American Horror Story Should Seek Professional Help
A quite good horror series from the creators of Glee? Believe it, girlfriend!
US Air date: 5 October 2011, FX
Many people don't know that Euclid had a hell of a temper. In fact, even the attendees of last year's hugely popular Geometric Hotties Convention, held in the basement of a foreclosed flat in Brighton, were unaware that his famous dictum, "The shortest distance between two points is a straight line," came during a drunken, coke-fuelled pique of anger after his pizza delivery boy was an hour late.
But thanks to quirks of fate, we now have that geometric law on our side and can apply it to all sorts of situations, like, say, the debut episode of FX's much-bally-hooed American Horror Story.
While I'm not running away from the series yet, it's clear that if show-runners/writers Ryan Murphy and Brad Falchuk (famous for Glee) had spent a little time looking at their geometry texts before they shot, we'd all have been much better off.
Horror Story screamed onto US screens on 5 October, as the latest "Gonna-Shock-Television-With-Nakedness-And-Gore-And-Jump-Cuts-And-Non-Linear-Story-Telling" offering to come from people who seem to mistake melodrama for horror. Throughout the early acts, one is left wondering if Murphy and Falchuk were more interested in entertaining themselves than the viewers.
As characters meet, and do and say things that seem either forced for exposition or unnatural in their settings, the debut episode seems more like narrative masturbation (which, by the way, we get to see Dylan McDermott try while he flashes us his ripe, manly buttocks for the umpteenth time) than coherent and exciting plot.
What's it about? At the outset, we're loaded with enough back-story to fill three episodes of Lost. McDermott deftly plays Dr. Ben Harmon, who, with his wife Vivien and obnoxious too-cool-to-be-real daughter, Violet, moves from Boston to LA after Mrs Harmon has a miscarriage and he has a fling in their cozy New England home.
They move to a large Victorian house that's inexpensive for a reason – it's seen repeated acts of violence far worse than mismatched drapes.
We get all this shipped to us in a big, obvious bundle, while the family gets "settled" in their new surroundings, interacts with neighbors in ways normal people would not, and generally tosses melodrama on the screen.
Vivien meets Jessica Lange's haughty, cleptomaniacal Constance and doesn't kick her out of the house the way we all would. Ben takes on a client (he puts his office in his house) whom we can't be sure is real, but seems to be one heck of a weird young man, and an old housemaid shows up asking for work, saying that she's worked with all the previous owners.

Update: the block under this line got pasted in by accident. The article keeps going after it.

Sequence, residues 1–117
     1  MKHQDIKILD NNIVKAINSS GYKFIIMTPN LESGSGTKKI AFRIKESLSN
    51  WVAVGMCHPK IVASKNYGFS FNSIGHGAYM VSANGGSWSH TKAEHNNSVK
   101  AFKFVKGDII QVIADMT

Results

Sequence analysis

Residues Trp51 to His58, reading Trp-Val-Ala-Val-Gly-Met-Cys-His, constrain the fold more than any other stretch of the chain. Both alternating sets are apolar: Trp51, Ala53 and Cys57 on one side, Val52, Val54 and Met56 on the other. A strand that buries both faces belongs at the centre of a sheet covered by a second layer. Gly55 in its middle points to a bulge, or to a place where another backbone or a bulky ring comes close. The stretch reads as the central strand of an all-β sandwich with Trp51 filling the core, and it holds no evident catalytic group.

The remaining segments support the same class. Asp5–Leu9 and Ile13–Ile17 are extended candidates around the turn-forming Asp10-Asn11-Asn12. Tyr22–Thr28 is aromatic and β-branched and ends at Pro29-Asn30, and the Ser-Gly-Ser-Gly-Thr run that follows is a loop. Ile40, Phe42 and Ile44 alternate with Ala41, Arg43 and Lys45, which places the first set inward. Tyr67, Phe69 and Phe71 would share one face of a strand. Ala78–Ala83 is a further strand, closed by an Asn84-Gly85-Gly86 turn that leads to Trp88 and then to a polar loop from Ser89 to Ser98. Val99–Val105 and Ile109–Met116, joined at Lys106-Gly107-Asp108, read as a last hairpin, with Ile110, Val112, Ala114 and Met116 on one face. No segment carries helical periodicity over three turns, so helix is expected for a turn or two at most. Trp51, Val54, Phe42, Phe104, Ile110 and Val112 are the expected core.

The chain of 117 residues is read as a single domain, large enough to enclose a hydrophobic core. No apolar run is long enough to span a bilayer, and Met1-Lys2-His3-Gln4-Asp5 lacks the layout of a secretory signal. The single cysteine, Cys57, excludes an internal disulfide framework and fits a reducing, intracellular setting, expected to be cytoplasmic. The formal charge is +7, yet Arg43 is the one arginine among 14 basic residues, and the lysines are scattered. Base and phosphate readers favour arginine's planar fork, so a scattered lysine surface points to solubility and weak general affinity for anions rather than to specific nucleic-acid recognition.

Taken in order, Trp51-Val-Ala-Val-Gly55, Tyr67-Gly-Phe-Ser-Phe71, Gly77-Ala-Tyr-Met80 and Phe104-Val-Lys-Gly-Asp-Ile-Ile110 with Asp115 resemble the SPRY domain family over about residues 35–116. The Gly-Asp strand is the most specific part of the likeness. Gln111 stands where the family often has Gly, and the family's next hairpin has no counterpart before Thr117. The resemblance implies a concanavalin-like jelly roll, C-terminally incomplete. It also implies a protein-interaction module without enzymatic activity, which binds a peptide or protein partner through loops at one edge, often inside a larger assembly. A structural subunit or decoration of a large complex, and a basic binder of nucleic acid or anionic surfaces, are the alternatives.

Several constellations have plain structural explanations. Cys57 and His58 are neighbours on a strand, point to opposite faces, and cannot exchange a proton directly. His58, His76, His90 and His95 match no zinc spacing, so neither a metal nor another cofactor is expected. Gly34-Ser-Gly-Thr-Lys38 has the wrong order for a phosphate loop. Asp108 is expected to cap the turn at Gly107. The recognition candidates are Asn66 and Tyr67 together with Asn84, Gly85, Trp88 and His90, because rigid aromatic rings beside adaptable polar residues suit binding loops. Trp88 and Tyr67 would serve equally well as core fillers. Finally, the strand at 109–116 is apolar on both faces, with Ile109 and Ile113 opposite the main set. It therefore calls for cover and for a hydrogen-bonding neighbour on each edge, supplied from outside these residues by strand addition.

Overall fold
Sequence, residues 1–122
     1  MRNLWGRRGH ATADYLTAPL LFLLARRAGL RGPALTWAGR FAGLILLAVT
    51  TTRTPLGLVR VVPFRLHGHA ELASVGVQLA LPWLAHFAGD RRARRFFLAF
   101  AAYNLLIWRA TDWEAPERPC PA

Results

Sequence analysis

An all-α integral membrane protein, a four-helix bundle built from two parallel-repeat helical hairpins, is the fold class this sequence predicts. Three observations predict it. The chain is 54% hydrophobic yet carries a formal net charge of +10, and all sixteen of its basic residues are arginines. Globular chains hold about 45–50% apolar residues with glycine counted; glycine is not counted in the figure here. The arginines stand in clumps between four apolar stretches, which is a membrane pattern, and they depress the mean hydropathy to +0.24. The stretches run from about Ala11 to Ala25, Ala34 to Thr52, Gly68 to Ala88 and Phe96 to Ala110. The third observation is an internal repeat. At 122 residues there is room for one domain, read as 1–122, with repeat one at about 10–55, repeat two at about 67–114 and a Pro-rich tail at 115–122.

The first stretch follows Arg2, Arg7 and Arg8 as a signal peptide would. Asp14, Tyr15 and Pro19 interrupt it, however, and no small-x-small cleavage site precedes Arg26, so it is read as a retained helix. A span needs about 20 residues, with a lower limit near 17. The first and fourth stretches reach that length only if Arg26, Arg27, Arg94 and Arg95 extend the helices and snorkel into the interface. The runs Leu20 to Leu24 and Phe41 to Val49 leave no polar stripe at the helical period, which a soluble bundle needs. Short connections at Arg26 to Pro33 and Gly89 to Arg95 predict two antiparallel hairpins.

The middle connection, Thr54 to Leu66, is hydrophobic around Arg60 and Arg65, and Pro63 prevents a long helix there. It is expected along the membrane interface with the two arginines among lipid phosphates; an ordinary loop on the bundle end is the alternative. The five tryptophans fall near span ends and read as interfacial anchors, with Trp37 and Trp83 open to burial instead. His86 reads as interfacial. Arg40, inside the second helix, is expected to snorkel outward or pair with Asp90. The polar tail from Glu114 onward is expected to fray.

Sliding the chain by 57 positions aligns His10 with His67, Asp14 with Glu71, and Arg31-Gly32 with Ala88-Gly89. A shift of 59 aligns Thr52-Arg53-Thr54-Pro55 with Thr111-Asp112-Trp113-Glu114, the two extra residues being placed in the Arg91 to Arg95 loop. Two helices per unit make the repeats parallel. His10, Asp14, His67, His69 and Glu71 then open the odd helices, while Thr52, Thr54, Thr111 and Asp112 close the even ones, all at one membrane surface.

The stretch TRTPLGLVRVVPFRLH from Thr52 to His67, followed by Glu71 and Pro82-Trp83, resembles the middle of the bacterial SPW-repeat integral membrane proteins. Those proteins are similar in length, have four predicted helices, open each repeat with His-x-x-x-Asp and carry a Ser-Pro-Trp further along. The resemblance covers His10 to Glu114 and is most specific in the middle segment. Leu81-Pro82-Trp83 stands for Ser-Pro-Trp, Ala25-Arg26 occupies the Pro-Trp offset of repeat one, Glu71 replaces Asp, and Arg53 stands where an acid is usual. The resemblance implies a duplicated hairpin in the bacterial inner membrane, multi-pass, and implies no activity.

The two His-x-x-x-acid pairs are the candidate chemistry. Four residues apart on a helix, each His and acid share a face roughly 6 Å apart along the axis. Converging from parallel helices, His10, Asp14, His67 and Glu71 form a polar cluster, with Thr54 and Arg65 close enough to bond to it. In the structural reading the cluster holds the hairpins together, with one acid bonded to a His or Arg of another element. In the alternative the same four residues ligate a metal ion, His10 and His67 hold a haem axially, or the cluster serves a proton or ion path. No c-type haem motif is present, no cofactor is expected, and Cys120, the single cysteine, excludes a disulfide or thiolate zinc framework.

Cue the two-note bass violin to warn us something might be wrong.
Sure, it's great when the housemaid manifests herself in Ben's mind as a searingly hot twenty-something in garters and split apron. Sure, it's kinda neat when Violet lures a school bully into the basement of the haunted house in order to scare her, and they both get more than they imagined, but there's something in the narrative approach of this show that had me pushing away for 99%.
Beyond the too-easy front-loading of back-story and clunky exposition, it's mostly the unnatural way in which people interact with each other that turns one off.
But as the debut episode unwinds, the canny viewer might second-guess early annoyances, asking if, perhaps, the unnatural interaction between the main characters and those they met wasn't part of the larger plan, wasn't a piece of mosaic in which normal people were being influenced by something in the house.
And when Jessica Lange delivers the final line during a strange chat with the housemaid, it becomes clear that early frustrations ought to be checked, and the series deserves a second look.
Many of the vexing aspects of American Horror Story stem from the fact that the producers have a plan: to make sure we slowly discover that the weird behavior IS being caused by the spectral powers of that house, that this is going to be a psychological horror tale as well as a ghost story and a tale of survival.
With recent news that super-scribe Tim Minear is signed on to write for this series, assume two things.
First, if Minear is involved, the show has to have depth. Second, expect some KILLER stories from him.
The set-up, as obvious as it is, given to us in such heavy loads of exposition, is there. The reveal at the end of the debut episode sets us on the right track.
Now it's up to the American Horror Story team to keep the audience involved for a couple more stories and to make us root for the protagonists in the face of this spectral possession.
You might want to give it a chance before you put your viewing time back on the market.
See the official FX trailer here:
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